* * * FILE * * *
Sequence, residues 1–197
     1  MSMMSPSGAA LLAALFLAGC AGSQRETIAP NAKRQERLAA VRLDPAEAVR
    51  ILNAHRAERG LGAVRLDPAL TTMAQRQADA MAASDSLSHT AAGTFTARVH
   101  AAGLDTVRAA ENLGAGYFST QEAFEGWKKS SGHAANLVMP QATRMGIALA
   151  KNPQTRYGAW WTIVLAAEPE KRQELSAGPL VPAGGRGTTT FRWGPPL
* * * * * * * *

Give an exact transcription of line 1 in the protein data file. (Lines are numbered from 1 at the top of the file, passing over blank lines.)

Sequence, residues 1–197